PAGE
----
Do not re-sterilize. Discard all open and unused portions of the OASIS ECM. Device is sterile if the package is dry, unopened and undamaged. Do not use if the package seal is broken. The device must be used prior to the expiration date. Discard device if mishandling has caused possible damage or contamination. OASIS ECM should not be applied until excessive exudate, bleeding, acute swelling, and infection is controlled.

    Potential Complications

    The following complications are possible. If any of these conditions occur, the device should be removed: infection; chronic inflammation (Initial application of wound dressings may be associated with transient, mild, localized inflammation); allergic reaction; and excessive redness, pain, swelling, or blistering.

    Storage

    This device should be stored in a clean, dry location at room temperature.

    Sterilization

    This device has been sterilized with ethylene oxide.

    Biodesign® Hernia Graft

    Intended use

    The Cook® Biodesign® Hernia Graft is intended for implantation to reinforce soft tissues where weakness exists during ventral hernia repair. The graft is supplied sterile and is intended for one-time use. Rx ONLY This symbol means the following: CAUTION: Federal (U.S.A.) law restricts this device to sale by or on the order of a physician. MR This symbol means the following: Magnetic Resonance Safe. HERNIA GRAFT This symbol means the following: Hernia Graft. This graft is intended for use by trained medical professionals.

    Contraindications

    This graft is derived from a porcine source and should not be used in patients with known sensitivity to porcine material.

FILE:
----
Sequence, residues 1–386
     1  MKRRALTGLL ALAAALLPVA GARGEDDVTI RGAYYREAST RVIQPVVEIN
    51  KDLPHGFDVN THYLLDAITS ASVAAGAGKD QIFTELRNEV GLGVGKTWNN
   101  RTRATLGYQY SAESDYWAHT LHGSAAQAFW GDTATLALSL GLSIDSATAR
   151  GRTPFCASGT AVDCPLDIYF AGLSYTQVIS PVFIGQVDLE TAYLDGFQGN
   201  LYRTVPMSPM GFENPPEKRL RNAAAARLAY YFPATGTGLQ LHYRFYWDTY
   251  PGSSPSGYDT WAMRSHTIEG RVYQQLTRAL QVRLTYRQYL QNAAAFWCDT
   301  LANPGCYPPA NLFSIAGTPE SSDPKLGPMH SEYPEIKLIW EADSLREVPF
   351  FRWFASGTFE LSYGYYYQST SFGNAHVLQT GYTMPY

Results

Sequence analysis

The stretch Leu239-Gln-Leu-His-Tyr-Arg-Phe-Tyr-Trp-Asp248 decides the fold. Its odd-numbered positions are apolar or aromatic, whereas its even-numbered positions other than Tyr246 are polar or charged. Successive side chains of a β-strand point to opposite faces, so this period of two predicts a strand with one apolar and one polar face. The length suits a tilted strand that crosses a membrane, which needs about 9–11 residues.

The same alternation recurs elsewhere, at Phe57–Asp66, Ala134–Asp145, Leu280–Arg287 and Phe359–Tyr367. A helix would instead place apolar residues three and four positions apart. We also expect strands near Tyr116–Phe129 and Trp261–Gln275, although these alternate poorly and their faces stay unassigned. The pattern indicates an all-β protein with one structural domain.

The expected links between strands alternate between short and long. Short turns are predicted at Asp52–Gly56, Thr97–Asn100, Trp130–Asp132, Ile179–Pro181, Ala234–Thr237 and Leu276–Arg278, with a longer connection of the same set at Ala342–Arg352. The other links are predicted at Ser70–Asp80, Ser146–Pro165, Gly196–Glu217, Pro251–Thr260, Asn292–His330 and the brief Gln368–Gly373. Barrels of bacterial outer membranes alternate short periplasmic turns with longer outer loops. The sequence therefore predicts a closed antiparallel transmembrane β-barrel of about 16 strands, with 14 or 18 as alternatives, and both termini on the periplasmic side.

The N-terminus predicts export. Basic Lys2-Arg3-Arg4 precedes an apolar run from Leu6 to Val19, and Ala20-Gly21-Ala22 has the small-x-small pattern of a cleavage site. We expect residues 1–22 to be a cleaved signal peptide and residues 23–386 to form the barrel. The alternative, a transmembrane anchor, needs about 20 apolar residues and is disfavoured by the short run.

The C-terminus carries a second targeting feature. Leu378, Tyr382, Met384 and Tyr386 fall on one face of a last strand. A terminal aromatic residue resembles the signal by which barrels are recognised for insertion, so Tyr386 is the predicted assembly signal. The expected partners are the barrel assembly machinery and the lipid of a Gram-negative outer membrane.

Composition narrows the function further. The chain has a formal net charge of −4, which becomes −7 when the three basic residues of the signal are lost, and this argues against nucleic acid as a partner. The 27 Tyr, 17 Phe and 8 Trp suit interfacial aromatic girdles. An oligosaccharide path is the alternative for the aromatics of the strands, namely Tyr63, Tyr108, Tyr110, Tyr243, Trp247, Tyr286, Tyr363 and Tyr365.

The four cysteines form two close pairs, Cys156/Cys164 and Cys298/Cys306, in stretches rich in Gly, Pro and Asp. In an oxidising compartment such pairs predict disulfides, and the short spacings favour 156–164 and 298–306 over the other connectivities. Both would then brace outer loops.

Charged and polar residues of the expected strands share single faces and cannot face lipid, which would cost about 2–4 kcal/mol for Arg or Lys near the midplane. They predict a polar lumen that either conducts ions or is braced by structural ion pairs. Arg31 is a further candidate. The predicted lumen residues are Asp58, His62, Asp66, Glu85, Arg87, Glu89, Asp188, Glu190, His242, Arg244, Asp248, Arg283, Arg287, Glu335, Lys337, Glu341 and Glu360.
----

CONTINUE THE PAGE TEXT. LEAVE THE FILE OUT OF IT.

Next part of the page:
Precautions

    This device is designed for single use only. Attempts to reprocess, resterilize, and/or reuse may lead to device failure and/or transmission of disease. Do not resterilize. Discard all open and unused portions of the graft. The graft is sterile if the package is dry, unopened and undamaged. Do not use if the package seal is broken. Discard graft if mishandling has caused possible damage or contamination, or if the graft is past its expiration date. Ensure that graft is rehydrated prior to cutting, suturing, stapling, tacking or loading of the graft laparoscopically. Ensure that all layers of the graft are secured when suturing, stapling, or tacking. Place graft in maximum possible contact with healthy, well-vascularized tissue to encourage cell ingrowth and tissue remodeling. Suturing, stapling, or tacking more than one graft together may decrease graft performance. No studies have been conducted to evaluate the reproductive impact of the clinical use of the graft. Extended rehydration or excessive handling could lead to partial delamination of superficial layers of the graft. Care should be taken when device is placed in infected wounds. Care should be taken to avoid damage to the graft when loading laparoscopically. It is recommended to load through a 10 mm or larger port. If wound is left open, keep graft moist to prevent dryness.

    Potential complications

    Possible adverse reactions with the use of biologic hernia prostheses may include: adhesion, bowel erosion, bowel obstruction, discharge, fever, fistula formation, hematoma, hernia recurrence,  infection/abscess formation, inflammation, pain, premature degradation, seroma formation, and wound dehiscence.

    See package insert for full product information.